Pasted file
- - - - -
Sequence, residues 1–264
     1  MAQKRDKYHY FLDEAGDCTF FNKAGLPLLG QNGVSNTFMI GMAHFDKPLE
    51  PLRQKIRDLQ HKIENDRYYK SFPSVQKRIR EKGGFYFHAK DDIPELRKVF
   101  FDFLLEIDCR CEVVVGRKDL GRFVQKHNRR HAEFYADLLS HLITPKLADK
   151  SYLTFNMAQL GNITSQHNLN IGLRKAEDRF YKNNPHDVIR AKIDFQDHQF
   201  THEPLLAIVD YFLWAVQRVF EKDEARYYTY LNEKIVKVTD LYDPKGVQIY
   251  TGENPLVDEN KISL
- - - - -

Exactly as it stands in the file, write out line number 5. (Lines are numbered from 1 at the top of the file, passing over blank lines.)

   151  SYLTFNMAQL GNITSQHNLN IGLRKAEDRF YKNNPHDVIR AKIDFQDHQF